Figure 3: Comparison of diode reverse recovery time.

A real-world design

Our next step was to verify that the BoostPak family would limit leakage current in a real-world design, so we developed an evaluation board and tested it under various conditions. Figure 4 shows the basic design, with the BoostPak family highlighted.

Image of Fairchild BoostPak in an LED backlight

Figure 4: BoostPak in an LED backlight.

The design is for a 35 W boost topology that uses Continuous Current Mode (CCM) operation. The input voltage has a range of 20.4 V to 27.6 V and there is a single-channel DC output with a constant current of 640 mA at 55 V. We used the FDD8500N10LD version of the BoostPak family.

During CCM operation, the reverse recovery current of the diode increases the turn-on losses of the MOSFET. The NP diode offers a low reverse recovery current, so there is less impact on the MOSFET.

Testing for temperature and EMI

In designing our BoostPak products, we had two particular goals in mind. First, we wanted to keep the device case temperature below 65°C during operating. Second, we wanted to meet general guidelines for electromagnetic interference (EMI), with the aim of keeping EMI under the limits for CISPR22 Class B operation.

We measured the saturated temperature. As shown in Table 2, with an input voltage (VIN) of 24 V, the BoostPak family maintained a temperature of 61.5°C, below our target of 65°C.

VIN=20.4 V VIN=24 V VIN=27.6 V Remark
BoostPak (Q11) 66.9°C 61.5°C 59.3°C Pkg Top
Inductor 63.7°C 59.6°C 56.6°C
R8~R14 57.6°C 52.8°C 49.8°C
MOSFET (Q12) 50.8°C 50.0°C 52.1°C
R45~R49 58.9°C 57.3°C 60.0°C

Table 2: Test Results of VOUT = 55 V (35 W).

Next, we tested for EMI by examining radiated emissions for a load of five strings of LEDs. Figure 5 shows the results for a VIN of 24 V.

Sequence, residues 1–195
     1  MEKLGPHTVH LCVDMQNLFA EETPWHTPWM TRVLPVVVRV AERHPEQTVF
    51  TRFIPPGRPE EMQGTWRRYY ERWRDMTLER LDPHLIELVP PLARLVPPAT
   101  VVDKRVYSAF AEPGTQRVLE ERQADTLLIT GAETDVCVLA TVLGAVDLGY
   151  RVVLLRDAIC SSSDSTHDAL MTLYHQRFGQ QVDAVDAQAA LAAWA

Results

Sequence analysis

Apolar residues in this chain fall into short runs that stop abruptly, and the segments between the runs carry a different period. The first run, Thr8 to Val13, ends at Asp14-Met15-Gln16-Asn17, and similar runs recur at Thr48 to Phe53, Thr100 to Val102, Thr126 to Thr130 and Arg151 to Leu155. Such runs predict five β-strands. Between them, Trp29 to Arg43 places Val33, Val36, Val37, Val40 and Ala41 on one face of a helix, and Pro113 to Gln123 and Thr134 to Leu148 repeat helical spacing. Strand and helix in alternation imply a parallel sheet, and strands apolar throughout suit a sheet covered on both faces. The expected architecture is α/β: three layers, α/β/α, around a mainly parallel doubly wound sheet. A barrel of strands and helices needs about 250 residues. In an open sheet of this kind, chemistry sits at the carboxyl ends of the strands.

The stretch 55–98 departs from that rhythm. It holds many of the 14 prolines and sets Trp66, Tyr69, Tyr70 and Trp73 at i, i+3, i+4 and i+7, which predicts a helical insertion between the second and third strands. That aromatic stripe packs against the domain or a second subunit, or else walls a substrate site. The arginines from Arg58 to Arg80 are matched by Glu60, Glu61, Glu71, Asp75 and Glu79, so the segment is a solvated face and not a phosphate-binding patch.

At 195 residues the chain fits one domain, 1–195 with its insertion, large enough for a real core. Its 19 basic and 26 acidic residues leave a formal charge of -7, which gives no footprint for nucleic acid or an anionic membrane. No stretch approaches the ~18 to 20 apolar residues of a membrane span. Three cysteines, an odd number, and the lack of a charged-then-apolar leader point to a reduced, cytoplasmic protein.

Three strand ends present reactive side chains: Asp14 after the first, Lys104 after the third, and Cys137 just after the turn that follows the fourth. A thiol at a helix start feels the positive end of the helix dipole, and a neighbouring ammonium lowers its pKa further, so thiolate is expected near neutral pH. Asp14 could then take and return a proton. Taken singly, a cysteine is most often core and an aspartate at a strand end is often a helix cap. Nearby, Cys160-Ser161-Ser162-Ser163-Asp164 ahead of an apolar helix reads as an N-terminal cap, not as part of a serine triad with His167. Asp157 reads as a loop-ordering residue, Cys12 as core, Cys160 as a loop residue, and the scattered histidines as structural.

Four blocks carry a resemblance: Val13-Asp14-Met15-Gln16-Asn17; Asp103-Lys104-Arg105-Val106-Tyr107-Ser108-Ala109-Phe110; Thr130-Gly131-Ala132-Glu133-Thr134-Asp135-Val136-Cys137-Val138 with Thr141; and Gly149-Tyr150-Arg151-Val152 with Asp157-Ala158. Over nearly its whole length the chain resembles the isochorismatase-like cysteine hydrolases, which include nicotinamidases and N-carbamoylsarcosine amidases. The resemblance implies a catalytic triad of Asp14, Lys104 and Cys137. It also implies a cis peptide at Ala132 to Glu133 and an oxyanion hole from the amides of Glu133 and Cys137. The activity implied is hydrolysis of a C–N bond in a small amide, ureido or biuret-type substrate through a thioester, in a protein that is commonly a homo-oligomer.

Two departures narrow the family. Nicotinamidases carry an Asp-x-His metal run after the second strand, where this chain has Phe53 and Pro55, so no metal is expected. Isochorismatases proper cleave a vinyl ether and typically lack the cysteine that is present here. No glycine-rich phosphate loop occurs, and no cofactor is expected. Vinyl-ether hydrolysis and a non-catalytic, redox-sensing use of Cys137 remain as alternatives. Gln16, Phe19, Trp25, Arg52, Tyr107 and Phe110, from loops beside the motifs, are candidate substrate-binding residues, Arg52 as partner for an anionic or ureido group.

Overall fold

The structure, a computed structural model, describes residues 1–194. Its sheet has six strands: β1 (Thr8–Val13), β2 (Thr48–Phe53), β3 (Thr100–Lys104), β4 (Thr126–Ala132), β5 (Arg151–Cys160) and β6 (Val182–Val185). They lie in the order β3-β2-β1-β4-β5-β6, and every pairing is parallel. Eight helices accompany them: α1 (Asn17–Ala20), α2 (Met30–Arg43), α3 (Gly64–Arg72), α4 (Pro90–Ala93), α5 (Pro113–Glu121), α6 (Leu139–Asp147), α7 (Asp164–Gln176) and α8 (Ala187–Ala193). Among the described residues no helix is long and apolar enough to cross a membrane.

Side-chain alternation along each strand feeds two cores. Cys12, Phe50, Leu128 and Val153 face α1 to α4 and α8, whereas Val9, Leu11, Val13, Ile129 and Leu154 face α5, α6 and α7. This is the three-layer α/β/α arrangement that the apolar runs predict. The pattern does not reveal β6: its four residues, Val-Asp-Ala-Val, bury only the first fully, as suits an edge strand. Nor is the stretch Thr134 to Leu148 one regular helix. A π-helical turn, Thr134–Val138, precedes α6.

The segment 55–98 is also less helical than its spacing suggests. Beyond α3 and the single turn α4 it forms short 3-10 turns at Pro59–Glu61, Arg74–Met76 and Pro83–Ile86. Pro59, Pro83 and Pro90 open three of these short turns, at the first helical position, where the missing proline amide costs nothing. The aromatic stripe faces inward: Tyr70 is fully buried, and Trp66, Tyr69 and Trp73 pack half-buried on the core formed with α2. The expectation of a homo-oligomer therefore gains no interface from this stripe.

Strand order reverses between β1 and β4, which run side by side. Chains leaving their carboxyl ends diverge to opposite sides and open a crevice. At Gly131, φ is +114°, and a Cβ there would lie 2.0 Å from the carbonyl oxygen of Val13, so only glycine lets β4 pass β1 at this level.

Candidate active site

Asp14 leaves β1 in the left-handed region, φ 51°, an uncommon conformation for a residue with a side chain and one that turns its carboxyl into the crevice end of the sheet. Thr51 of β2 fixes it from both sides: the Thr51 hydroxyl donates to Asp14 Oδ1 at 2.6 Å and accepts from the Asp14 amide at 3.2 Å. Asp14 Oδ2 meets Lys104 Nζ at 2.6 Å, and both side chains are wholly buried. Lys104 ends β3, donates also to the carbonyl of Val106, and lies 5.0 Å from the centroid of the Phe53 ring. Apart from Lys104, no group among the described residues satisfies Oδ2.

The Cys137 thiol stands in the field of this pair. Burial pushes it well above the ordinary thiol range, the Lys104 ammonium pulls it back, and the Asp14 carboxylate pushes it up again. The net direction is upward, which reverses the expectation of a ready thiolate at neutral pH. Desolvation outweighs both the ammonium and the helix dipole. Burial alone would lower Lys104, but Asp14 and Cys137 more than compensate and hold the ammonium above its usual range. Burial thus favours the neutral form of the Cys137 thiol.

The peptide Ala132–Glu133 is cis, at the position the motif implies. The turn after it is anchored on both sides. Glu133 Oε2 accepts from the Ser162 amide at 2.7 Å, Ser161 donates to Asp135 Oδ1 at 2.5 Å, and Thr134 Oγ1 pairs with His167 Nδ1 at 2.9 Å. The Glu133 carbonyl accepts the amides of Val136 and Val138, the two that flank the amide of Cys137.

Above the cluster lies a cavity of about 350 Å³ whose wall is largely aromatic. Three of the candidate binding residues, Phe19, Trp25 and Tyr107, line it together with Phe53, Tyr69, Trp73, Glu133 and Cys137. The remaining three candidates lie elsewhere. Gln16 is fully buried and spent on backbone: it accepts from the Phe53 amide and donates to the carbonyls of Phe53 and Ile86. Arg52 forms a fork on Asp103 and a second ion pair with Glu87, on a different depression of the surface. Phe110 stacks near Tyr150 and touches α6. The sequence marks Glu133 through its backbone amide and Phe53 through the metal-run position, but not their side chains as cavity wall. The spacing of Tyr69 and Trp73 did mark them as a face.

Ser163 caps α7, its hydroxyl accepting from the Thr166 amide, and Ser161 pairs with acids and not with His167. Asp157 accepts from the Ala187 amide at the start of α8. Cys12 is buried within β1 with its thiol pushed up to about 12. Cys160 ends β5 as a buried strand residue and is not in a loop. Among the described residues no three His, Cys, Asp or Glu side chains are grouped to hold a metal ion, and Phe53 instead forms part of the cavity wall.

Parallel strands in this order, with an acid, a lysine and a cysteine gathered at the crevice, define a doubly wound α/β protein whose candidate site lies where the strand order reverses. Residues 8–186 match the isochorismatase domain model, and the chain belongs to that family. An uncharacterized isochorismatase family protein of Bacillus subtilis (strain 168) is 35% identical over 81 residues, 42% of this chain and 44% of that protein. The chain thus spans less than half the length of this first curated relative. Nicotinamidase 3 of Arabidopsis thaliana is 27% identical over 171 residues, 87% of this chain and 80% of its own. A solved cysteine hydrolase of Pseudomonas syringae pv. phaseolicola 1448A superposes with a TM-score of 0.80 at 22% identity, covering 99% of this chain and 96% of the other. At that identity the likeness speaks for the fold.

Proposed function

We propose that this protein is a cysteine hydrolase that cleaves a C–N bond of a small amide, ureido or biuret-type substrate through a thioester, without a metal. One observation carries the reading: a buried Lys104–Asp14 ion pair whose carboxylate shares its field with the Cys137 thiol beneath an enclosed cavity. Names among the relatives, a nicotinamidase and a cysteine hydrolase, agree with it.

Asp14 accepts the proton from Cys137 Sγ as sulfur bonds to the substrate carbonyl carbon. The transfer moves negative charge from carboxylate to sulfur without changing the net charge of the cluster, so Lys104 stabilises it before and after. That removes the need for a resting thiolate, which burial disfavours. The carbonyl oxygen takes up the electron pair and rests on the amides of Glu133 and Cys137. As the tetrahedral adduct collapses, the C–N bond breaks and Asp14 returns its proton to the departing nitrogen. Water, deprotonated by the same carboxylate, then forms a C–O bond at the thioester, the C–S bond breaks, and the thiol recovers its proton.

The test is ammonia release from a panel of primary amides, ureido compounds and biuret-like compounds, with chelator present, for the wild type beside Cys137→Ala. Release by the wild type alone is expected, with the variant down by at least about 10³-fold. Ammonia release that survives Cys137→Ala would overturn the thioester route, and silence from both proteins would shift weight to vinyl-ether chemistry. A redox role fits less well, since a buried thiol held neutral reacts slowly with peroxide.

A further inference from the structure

Image of radiated emissions

Figure 5: Radiated emissions: VIN = 24 V.

In the frequency sub-range of 30 MHz to 1000 MHz, the radiated emissions are well below the specified limits for CISPR22 Class B operation.


The test results show that our BoostPak family, which replaces a 100 V MOSFET and 100 V Schottky diode with a single 100 V BoostPak device, meets the necessary performance requirements for operating temperature and EMI with low leakage current of the diode. At the same time, using the BoostPak family serves to create a smaller, more compact design that is easier to assemble. In cost-competitive applications, such as LED TVs with a screen size less than 40 inches, those benefits can make a real difference. The BoostPak approach can also deliver savings in other applications, too, like LED lighting systems and DC/DC converters for step-up and step-down operations.

The BoostPak family discussed in this article is described in more detail in a user guide. The note provides a full schematic, a complete bill of materials, performance specs, and a summary of the test setup. To download the application note, visit the Fairchild website.